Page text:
- CHOLESTEROL FREE - Less than 2 mg. of cholesterol and 2 or less grams of saturated fat per serving
- LOW CHOLESTEROL - 20 mg. or less of cholesterol and 2 or less grams of saturated fat per serving
- SODIUM FREE - Less than 5 mg. of sodium per serving
- VERY LOW SODIUM - 35 mg. or less sodium per serving
- LOW SODIUM - 140 mg. or less sodium per serving
- HIGH FIBER - 5 grams or more fiber per serving
Some of the problematic bacteria you want to protect your family from include:
E. coli. This bacterium, found mainly in ground beef, causes an estimated 25,000 cases of food poisoning in the United States each year and kills about 100 people. Some people infected with E. coli suffer permanent kidney damage. Contamination occurs during meat processing, when E. coli from the animals’ intestines becomes mixed in with the meat. E. coli contamination has prompted massive recalls of millions of pounds of ground meat.
Salmonella. This bacterium is found mostly in meat and eggs. But it spreads to other foods, such as ice cream and fruit, when they are shipped with contaminated meat or eggs.A study in the New England Journal of Medicine in 2001 showed how alarmingly prevalent it is: 20% of 200 samples of ground chicken, beef, turkey, and pork contained salmonella. Of particular concern, 84% of the salmonella samples were resistant to at least one antibiotic, and 53% to at least three antibiotics. This means that when animals carry salmonella — and when people get salmonella food poisoning — it’s more difficult to cure than it was in years past.
Campylobacter. This bacterium is especially common in poultry. Antibiotic-resistant strains are becoming more prevalent because of the widespread use of antibiotics in chicken feed. In a 2001 report in the New England Journal of Medicine, 17% of chickens sampled in supermarkets in four states had Campylobacter strains that were resistant to antibiotics.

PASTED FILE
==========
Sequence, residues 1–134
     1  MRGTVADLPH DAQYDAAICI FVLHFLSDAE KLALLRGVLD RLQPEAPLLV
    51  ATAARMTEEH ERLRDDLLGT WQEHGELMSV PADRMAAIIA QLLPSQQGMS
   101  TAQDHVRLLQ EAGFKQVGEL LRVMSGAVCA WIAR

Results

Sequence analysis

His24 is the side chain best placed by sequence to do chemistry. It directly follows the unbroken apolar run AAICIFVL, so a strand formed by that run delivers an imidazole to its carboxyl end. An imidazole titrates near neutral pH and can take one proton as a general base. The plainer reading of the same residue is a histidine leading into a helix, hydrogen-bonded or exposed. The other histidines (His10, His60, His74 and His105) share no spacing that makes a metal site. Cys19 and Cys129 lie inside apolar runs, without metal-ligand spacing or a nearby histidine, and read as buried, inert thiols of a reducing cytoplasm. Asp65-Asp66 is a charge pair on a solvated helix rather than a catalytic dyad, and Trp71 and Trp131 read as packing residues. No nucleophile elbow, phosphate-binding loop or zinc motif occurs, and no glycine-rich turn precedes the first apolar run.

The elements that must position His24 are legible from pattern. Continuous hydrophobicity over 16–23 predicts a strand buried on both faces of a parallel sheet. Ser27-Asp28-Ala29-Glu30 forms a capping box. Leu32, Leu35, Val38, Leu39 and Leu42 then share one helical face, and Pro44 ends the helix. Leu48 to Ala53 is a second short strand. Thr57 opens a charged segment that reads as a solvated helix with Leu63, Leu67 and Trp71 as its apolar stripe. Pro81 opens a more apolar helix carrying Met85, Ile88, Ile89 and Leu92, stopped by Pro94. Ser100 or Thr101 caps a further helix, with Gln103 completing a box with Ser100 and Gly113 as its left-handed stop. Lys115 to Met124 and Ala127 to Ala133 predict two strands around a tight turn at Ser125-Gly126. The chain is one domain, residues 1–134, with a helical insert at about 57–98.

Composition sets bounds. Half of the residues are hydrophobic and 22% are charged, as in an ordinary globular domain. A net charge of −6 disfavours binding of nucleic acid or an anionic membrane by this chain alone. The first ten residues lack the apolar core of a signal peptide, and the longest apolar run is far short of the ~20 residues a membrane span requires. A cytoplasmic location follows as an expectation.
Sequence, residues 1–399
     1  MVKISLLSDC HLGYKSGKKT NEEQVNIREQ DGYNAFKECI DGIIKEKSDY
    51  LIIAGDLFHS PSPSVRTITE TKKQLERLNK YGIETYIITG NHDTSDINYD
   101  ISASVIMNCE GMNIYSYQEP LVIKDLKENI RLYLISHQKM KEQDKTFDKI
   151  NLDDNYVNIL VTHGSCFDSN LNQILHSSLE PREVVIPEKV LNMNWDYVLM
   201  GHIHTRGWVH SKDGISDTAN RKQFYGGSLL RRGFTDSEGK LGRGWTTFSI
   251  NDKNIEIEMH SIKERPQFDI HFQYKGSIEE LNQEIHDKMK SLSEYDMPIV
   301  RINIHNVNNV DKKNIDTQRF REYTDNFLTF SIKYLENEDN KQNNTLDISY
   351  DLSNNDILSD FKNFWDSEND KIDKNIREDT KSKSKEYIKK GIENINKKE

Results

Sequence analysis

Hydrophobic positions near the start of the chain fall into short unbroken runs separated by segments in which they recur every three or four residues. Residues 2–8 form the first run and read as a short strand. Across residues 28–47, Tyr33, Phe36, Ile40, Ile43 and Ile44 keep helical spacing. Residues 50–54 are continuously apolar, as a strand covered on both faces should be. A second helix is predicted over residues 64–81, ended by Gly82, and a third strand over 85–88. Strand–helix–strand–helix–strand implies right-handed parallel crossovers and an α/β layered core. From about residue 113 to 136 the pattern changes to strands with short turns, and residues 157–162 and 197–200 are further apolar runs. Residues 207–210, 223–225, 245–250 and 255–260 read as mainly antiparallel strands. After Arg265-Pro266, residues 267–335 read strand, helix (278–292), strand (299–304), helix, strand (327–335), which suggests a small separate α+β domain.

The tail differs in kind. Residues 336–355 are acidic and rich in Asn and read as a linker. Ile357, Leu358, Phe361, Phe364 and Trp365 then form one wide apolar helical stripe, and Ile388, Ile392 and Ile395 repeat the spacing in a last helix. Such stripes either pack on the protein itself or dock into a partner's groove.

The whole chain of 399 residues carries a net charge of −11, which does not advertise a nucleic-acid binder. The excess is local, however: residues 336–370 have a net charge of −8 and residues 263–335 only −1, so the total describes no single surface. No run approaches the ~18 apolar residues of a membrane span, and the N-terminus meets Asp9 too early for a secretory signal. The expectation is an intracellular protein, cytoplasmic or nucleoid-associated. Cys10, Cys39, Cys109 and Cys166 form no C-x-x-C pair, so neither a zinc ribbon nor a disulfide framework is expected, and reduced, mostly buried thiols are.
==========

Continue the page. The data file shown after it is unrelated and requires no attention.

Handling food safely
You can prevent most cases of food poisoning in your household by preparing and storing your foods safely. These precautions will help kill germs that are present in the meat and eggs you buy and help you avoid introducing new bugs to your food at home.
Rinse foods. Rinsing can wash off some germs from meat, poultry, and fish and pesticide residues from produce. Rinse all meat, poultry, and fish under running water before cooking.
Rinse all fruits and vegetables under running water before cooking or serving them.Wash your hands. Frequent handwashing helps prevent you from passing germs from one food to another. Use soap and water to wash your hands each time you handle a raw food. Don’t wipe your hands on a dishtowel without washing them first.Use separate utensils.
Don’t prepare meat and fish on the same surface that you use for other foods — otherwise, you risk contaminating those foods with bacteria from the meat and fish.
Use one cutting board for meats and fish and a second one for produce. Be sure to wash the cutting boards with soap and water after each use. Use different knives to cut different foods to prevent cross-contamination.
Cooking. Cook all meat, poultry, eggs, and freshwater fish. Don’t rely on color alone to indicate whether meat is fully cooked. The USDA recommends that everyone use a meat thermometer. Different temperatures are required to kill off germs in different kinds of meat. It’s also important to cook hot dogs and other precooked meats and fish, to destroy bacteria that may have contaminated them in the processing plants.Use a meat or "instant-read" thermometer to ensure accuracy.
Here are some target temperatures in degrees from the American Dietetic Association:
Ground meat products: 160, or until the inside is no longer pink and juices run clear
* Steak: medium rare: 145
* Steak: medium: 160
* Steak: well done: 170
Poultry thighs, breasts, or wings: 170, or until juices run clear
Grill meat until it is cooked, but not charred—some studies have suggested that possible cancer-causing compounds (called heterocyclic aromatic amines) are formed when meat is charred. Scrape off any charred areas before you eat the barbecued meat.
Storing. Don’t leave any foods, before or after cooking, at room temperature for more than two hours (one hour if the air temperature is above 90° F). Put them in the refrigerator or freezer. The temperature inside your refrigerator should be 40° F or below; your freezer should be at 0° F or below. If you have large amounts of leftovers, divide them into small batches when you put them away in the refrigerator or freezer. That way, the temperature of each batch will reach a safe level faster. Keep in mind that freezing does not necessarily kill bacteria; wash meats and poultry thoroughly after thawing, and handle them the same as you would fresh meats.
Health is your greatest Wealth
Mind and Body Fitness Program for the 21st Century
Currently this program is available through lecture by Donald Thomas